A Lichtiger Hanukkah!

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By Rabbi Adam Raskin of Congregation Har Shalom, Potomac, Maryland

On my recent flight home from the inspiring 20/20 Judaism Convention in Boston, the pilot came onto the loudspeaker of the plane just after landing for the typical message thanking passengers for their choice of airlines, and wishing us a pleasant stay in the Washington, D.C. area, ‘or wherever your final destination might be…’ Just before hanging up, the captain went off-script, so-to-speak, attempting to offer holiday greetings to all his passengers. I could tell from the quiver in his voice that he realized had gone down the proverbial rabbit hole. “Merry Christmas” was easy enough to come up with, but then he fumfered as he tried to be more inclusive of other holiday traditions. People squirmed a bit in their seats, and being the only passenger wearing a yarmulke on his head, I smiled broadly and nodded my head to telegraph that I accepted his good wishes, their inelegance notwithstanding.

The truth is that there are several Hanukkah greetings to choose from: “Happy Hanukkah” is the easiest and most familiar, but of course there is “Hanukkah Sameiah” (the Hebrew version of Happy Hanukkah), or Hag Urim Sameiah (Happy Festival of Lights); and some people simply say Hag Sameiah (the all-purpose greeting for Jewish festivals). Yiddish speakers might wish each other “Ah Freilichin Hanukkah,” (a cheerful Hanukkah) or my favorite Hanukkah salutation, “A Lichtiger Hanukkah,” which means a bright, brilliant, luminous Hanukkah. The light of Hanukkah not only refers to the kindling of the Hanukkah menorah, the essential mitzvah of the holiday, but also reminds me of the spiritual flames that were kindled in the souls of our ancestors at this season. In the face of oppression and mounting restrictions of Jewish learning and practice, their inner flames were kindled as they achieved not only a military victory, but a profound spiritual one as well. What an amazing miracle to celebrate! The flame in the Jewish soul burned brightly enough and ardently enough that it ignited a passion for fully reclaiming Jewish life and sacred space.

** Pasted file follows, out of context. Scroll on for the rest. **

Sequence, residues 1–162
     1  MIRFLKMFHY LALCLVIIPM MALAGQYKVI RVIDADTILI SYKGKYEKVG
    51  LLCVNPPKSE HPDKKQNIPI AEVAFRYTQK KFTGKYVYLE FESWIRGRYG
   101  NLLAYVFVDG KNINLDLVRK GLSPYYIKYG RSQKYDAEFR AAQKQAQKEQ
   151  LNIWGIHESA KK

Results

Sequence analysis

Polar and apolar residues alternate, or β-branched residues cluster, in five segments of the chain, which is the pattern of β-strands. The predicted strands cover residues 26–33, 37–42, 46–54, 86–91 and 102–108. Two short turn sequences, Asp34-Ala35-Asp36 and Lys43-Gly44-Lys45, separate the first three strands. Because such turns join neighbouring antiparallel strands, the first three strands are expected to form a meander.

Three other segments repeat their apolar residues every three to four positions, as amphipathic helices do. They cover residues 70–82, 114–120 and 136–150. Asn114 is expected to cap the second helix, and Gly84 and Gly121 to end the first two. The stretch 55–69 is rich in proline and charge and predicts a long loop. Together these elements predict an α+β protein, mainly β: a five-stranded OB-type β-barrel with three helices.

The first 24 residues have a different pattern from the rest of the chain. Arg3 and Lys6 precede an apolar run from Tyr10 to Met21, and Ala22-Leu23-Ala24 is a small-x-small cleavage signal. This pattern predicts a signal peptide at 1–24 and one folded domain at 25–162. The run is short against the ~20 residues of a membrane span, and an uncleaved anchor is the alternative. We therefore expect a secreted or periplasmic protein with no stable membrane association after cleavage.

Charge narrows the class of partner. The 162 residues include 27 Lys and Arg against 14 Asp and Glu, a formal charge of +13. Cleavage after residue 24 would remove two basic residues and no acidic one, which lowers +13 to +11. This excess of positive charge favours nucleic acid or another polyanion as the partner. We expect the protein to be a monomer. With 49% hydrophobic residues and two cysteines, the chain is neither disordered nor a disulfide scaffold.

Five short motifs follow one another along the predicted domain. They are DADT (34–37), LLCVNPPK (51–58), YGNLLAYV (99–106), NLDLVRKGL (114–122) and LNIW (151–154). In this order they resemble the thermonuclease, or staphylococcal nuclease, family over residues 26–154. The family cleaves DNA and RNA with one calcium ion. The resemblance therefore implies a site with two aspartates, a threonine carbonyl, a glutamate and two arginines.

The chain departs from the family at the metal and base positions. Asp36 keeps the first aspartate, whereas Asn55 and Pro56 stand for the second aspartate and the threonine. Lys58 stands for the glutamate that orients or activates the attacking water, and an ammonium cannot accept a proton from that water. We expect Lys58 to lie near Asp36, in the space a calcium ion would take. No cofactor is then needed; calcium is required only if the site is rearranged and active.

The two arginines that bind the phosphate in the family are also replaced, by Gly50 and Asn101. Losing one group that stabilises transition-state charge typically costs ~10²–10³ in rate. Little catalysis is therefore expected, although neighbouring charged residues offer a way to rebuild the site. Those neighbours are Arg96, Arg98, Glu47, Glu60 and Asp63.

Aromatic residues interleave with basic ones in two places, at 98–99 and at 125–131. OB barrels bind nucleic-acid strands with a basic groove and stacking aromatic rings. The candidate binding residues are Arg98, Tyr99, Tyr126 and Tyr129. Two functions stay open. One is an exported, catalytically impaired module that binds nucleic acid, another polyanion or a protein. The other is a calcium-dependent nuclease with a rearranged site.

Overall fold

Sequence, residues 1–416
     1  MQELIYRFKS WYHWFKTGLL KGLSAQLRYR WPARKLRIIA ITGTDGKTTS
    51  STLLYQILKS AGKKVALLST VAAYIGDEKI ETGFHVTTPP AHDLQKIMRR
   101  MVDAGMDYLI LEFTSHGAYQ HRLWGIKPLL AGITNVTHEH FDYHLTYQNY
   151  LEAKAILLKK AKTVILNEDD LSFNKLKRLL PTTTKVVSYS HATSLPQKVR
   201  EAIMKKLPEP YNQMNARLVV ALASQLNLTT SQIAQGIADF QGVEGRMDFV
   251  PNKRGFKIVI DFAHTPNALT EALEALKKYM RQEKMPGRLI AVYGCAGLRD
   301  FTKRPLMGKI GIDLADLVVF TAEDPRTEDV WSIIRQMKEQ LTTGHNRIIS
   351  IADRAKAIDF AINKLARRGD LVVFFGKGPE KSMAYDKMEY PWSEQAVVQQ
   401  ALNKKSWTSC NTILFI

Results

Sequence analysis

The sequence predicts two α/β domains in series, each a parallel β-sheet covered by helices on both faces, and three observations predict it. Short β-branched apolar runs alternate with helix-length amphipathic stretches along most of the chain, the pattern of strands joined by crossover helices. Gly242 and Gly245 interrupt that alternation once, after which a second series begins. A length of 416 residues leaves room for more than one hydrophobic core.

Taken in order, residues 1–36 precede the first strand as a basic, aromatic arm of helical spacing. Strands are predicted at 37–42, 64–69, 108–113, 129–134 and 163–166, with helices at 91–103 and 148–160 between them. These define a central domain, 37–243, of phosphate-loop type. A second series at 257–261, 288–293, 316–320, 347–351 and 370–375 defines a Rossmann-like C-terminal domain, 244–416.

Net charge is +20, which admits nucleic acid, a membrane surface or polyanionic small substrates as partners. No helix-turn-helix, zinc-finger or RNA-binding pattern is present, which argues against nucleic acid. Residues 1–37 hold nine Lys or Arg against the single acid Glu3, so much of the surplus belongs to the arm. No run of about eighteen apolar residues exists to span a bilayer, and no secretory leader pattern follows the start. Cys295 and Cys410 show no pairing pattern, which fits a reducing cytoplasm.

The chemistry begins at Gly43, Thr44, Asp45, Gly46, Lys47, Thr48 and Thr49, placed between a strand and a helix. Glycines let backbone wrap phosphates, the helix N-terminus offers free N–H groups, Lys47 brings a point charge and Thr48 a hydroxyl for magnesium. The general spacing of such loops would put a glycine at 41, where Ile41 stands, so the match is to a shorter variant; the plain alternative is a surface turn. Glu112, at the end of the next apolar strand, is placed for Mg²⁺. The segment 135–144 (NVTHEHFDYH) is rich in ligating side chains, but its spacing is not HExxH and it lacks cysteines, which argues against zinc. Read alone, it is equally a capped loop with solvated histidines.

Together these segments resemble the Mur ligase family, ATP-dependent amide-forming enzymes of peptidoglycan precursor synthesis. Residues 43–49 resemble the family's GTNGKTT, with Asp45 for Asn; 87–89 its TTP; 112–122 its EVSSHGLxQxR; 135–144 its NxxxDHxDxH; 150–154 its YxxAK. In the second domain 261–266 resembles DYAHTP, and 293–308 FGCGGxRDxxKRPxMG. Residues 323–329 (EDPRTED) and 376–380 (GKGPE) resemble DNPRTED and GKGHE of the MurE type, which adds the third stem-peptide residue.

As we gaze at the increasing brightness of our Hanukkah menorahs, may it remind us of both the physical and spiritual dedication that took place in this season. Inspired by our ancestors’ heroism and passion, may the flame inside each Jewish soul burn more brightly than ever during this Hanukkah season, and beyond.

A Lichtiger Hanukkah to all!



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